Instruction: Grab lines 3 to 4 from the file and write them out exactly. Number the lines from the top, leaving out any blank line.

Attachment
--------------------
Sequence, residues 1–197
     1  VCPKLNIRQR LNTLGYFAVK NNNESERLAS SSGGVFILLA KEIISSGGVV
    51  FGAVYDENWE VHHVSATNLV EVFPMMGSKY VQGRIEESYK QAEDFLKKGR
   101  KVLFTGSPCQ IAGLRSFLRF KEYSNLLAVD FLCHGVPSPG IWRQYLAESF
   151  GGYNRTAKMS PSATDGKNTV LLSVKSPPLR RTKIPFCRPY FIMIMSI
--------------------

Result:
    51  FGAVYDENWE VHHVSATNLV EVFPMMGSKY VQGRIEESYK QAEDFLKKGR
   101  KVLFTGSPCQ IAGLRSFLRF KEYSNLLAVD FLCHGVPSPG IWRQYLAESF